In honor of International Women’s Day, we’re spotlighting the women leading our organization to a successful future. Tania Secor, IAS’s Chief Financial Officer, chatted with us about finding work-life balance, asking for what you need, and being a spark in your workplace.
Tell us about a woman who has impacted your career journey.
I’d like to share an event rather than a specific person. When I worked in investment banking in the early 90s, my analyst class did have a few women and I appreciate JPMorgan for its imperative regarding gender diversity at that time. However, I was struck that the majority of the women at the Managing Director level did not have children. To frame the environment further, we were not allowed to wear pantsuits, only suits with skirts. Words like “glass ceiling” were discussed in the hallways. Did I have to choose between a career and having children? With my hard work and analytical skills, why couldn’t I break this mysterious glass ceiling? And why couldn’t we wear pantsuits?
Approximately 10 years later, I received a last minute invitation from a senior female investment banker to attend a dinner hosted by the editor of Fortune’s Top 50 Women in Business.
As each of the 20 women went around the table introducing themselves, everyone shared – unprompted – she had two or three children. I had three kids under the age of six at the time, and I reveled at how far we had come. I always believed I could have both a career and be a mom despite the headwinds of my 90s experience, but look at all these other women who were able to do it and proudly share that in this setting! Thank you to the women of the 90s who made very big sacrifices. And thank you to this new generation of women who were driving this change and making it happen.
What advice do you have for young professional women starting their careers?
In terms of work-life balance, you have to find what works for you. Everyone has different circumstances — what’s one small thing that could make a huge difference to you but might not be a big deal for your company? Speak up and ask for it.
Another story: It’s 2002 and I just had my first son. I had finally left investment banking and I asked my boss if I could come in on Thursdays two hours later than normal on a recurring basis. After several weeks of discussion, review by HR, and my unwavering commitment to ensuring the work would still get done, my manager approved this arrangement. This flexibility enabled me to take my son to school one day per week. This small change didn’t “cost” much at all to my company or manager, but had a huge impact on my happiness and motivation, as I could now have some level of interaction and engagement with my son’s preschool teachers.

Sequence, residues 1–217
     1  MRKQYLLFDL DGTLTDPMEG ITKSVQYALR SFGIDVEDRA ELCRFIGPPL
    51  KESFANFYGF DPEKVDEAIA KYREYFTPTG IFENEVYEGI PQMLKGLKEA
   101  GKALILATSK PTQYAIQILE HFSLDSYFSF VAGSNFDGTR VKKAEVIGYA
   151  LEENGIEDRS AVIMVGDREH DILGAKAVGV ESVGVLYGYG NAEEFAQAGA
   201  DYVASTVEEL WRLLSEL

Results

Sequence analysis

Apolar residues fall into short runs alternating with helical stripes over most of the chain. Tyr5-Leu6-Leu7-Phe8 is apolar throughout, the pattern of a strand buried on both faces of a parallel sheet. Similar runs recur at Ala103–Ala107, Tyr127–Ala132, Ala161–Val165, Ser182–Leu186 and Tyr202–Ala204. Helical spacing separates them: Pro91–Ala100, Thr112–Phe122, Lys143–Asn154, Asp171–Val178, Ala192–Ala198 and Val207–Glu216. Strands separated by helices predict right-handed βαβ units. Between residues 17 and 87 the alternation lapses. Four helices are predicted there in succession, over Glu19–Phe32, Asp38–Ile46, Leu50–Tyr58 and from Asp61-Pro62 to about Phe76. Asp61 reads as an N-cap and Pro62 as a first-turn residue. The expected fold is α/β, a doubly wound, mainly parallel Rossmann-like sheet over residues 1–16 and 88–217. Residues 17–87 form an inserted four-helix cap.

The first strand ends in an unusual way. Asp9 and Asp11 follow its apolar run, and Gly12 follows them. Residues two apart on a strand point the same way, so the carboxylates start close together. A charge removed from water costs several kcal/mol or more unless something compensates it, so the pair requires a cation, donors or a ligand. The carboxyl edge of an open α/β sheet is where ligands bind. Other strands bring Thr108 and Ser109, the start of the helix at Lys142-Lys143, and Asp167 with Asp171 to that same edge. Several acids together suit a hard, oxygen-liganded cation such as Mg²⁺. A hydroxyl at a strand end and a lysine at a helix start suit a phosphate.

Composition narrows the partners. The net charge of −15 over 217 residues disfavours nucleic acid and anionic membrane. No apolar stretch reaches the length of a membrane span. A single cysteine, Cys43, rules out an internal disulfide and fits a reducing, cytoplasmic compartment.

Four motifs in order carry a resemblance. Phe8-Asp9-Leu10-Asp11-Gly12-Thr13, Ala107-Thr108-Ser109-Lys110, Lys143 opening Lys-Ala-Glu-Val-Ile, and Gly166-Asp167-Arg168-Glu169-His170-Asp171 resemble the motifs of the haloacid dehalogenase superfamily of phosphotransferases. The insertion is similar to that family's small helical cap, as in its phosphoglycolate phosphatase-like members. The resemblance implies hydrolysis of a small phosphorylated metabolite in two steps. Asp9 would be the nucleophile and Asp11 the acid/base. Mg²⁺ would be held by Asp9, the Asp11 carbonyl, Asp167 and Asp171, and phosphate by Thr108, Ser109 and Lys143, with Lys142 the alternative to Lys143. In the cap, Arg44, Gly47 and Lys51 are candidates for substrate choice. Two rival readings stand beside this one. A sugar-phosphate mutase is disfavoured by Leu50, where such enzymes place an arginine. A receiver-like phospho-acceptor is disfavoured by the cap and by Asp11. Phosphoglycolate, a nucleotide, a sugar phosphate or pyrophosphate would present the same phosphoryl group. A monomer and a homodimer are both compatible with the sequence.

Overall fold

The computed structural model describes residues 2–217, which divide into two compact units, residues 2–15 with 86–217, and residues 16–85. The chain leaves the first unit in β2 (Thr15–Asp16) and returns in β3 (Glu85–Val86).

It’s a bit crazy how hard it was to make this arrangement at the time; and I believe times have changed. But my point in sharing this story is to encourage you — if there is something important you need, ask for it. If you want to keep propelling your career, show your managers that you’re all in, but don’t be afraid to ask for that one thing that can make all the difference for you.
This year’s International Women’s Day theme is “embrace equity.” What does “embrace equity” mean to you and how do you hope this is represented in the workplace?
I embrace equity because of the “why.” I want a diverse team because I want to embrace different perspectives to make the best decisions possible.
As it relates to International Women’s Day, I want to see people embracing equity because of the diversity of thought that women can bring to decisions. Women are 50% of the world’s population. How are we making the best decisions possible if we are not embracing half of the global workforce?
How do you empower other women in the workplace? What can peers around you do to ensure women feel empowered?
There’s a book I reference frequently called “Spark” by Angie Morgan and Courtney Lynch, which describes the seven traits of a spark. Sparks have character, credibility, accountability, they act with intent, they are of service to others, they are consistent, and they are confident.
If you’re a leader focused on developing your team, how do you identify the doers, the innovators, the change agents? How are you embracing them and giving them a voice? If you’re not a manager but an individual contributor, do you embody being a spark?
I think the spark model works really well for women because it’s equalizing. If there is a lack of diversity at the more senior levels, speak up and push and be that spark. If you’re a female individual contributor, why not be that spark?
What is something that women, at any stage in their careers, can do or keep in mind as they seek equity in the workplace?
Pay it forward at all levels.